Commentators frequently dismiss the protestors as ill-informed Northern do-gooders or wild-eyed anarchists. Most are neither. The call to mobilisation around the September 2001 meetings of the World Bank and the International Monetary Fund, for example, was issued by a coalition including groups from a dozen mostly poor countries. The “counter-Davos” World Social Forum in Brazil in January was heavily populated by Southern-based groups. The violent fringe is just that, a tiny minority widely resented by the much larger number of peaceful protesters.
The protests themselves are merely the visible tip of a vast iceberg of transnational networks tying together people from all parts of the world who share grievances about the current rules governing global economic integration. Those grievances are often voiced by the rapidly growing number of civil society groups working locally or nationally who find that the roots of their problems lie at the global level. If your interest is national environmental protection or labour rights, you must pay attention to global trade rules that affect domestic regulations. If your concern is national economic development, you cannot ignore the implications of conditionality and financial volatility.
Asking what these civil society groups want is like asking what governments want, as though all governments would share a common agenda merely by dint of being governments. Different civil society groups want different things, from environmental safeguards to old-fashioned protectionism, the end of capitalism, or liberty and justice for all in a globalised world. But one basic idea does pervade the protest movement: an end to secretive and exclusionary processes of decision-making. The leaders of the September 2001 mobilisation, for example, called for “institutional reform to make openness, full public accountability and the participation of affected populations in decision-making standard procedures at the World Bank and the IMF.” Other groups aim similar demands at national governments, trade negotiators and other international institutions. All complain, rightly, that corporations are getting far too much say in setting the rules for economic integration, and that other interests, including the public interest, are getting far too little.
One priority in responding to these groups obviously must be to contain the violence. The non-violent majority is already taking steps to repudiate the anarchist hooligans and are proposing codes of behaviour for peaceful protest. But the responsibility for ensuring public safety cannot lie with non-governmental organisations, which have every right to speak out publicly and assemble peacefully. The security operations surrounding global gatherings have been deeply flawed. Amnesty International and others have reported many cases of extreme police brutality directed against non-violent protestors, or even uninvolved bystanders. Many protestors are convinced that violence is often permitted or even deliberately provoked by police forces seeking excuses to round everyone up. Good policing, in co-operation with the peaceful protestors, is essential.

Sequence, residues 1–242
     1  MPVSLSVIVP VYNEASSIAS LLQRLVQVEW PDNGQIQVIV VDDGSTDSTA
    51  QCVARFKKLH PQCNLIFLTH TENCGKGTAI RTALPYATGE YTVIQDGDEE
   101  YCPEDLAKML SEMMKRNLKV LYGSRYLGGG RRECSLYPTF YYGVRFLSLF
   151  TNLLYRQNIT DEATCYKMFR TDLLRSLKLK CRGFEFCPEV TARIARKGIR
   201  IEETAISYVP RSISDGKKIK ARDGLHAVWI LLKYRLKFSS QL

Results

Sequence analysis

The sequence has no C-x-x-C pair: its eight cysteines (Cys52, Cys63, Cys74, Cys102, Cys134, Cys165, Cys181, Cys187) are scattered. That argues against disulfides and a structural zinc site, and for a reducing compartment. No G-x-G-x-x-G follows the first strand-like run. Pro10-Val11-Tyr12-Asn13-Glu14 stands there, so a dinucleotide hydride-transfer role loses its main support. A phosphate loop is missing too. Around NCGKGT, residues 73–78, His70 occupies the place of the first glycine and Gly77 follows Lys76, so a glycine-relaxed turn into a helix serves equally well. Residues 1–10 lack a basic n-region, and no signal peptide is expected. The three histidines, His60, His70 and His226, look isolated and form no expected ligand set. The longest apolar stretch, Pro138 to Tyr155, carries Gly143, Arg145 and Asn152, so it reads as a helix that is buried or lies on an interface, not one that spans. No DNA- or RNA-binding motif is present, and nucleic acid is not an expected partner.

But the more important question in the long term is how to respond to the demands for broader participation in global governance. The egregious case of the Quebec City trade negotiations, when citizens were denied access the negotiating text that was nonetheless granted to hundreds of corporate leaders, exemplifies the most objectionable biases of global economic decision-making. While some institutions, such as the WTO and the IMF, are getting better about providing information to the public, few have developed meaningful channels for enabling that public to have input into their work.
There are models for how to get participation right. The original plan for the International Trade Organization in the 1940s envisaged that non-governmental organisations would receive documents, propose agenda items, and even speak at conferences. Many environmental agreements contain language allowing non-governmental groups “technically qualified” in areas related to the agreement to be admitted as observers and/or to assist the secretariat. To permit broad participation while keeping out the lunatic fringe, groups are allowed in unless a super-majority of member states wants them out.
Transnational civil society networks should not and will not end up making the rules themselves: the final decisions must rest with governments. But the protest movement has become too large to ignore, and it will not go away. Unless international organisations and corporations wish to relocate to Antarctica, they will have to seek out ways to grant a meaningful voice to these groups. And because many of the groups are raising important substantive points about real flaws in the current rules for running the world, incorporating their views can help make the rules better and more effective as well as more broadly legitimate and thus politically sustainable.
Ed. Florini, A., The Third Force: The Rise of Transnationa Civil Society, Japan Center for International Exchange and Carnegie Endowment for International Peace, 2000.
Florini, A., The New Rules for Running the World, forthcoming. Citizens as Partners: Information, Consultation and Public Participation in Policy-Making, OECD, 2001, forthcoming.
©OECD Observer No 228, September 2001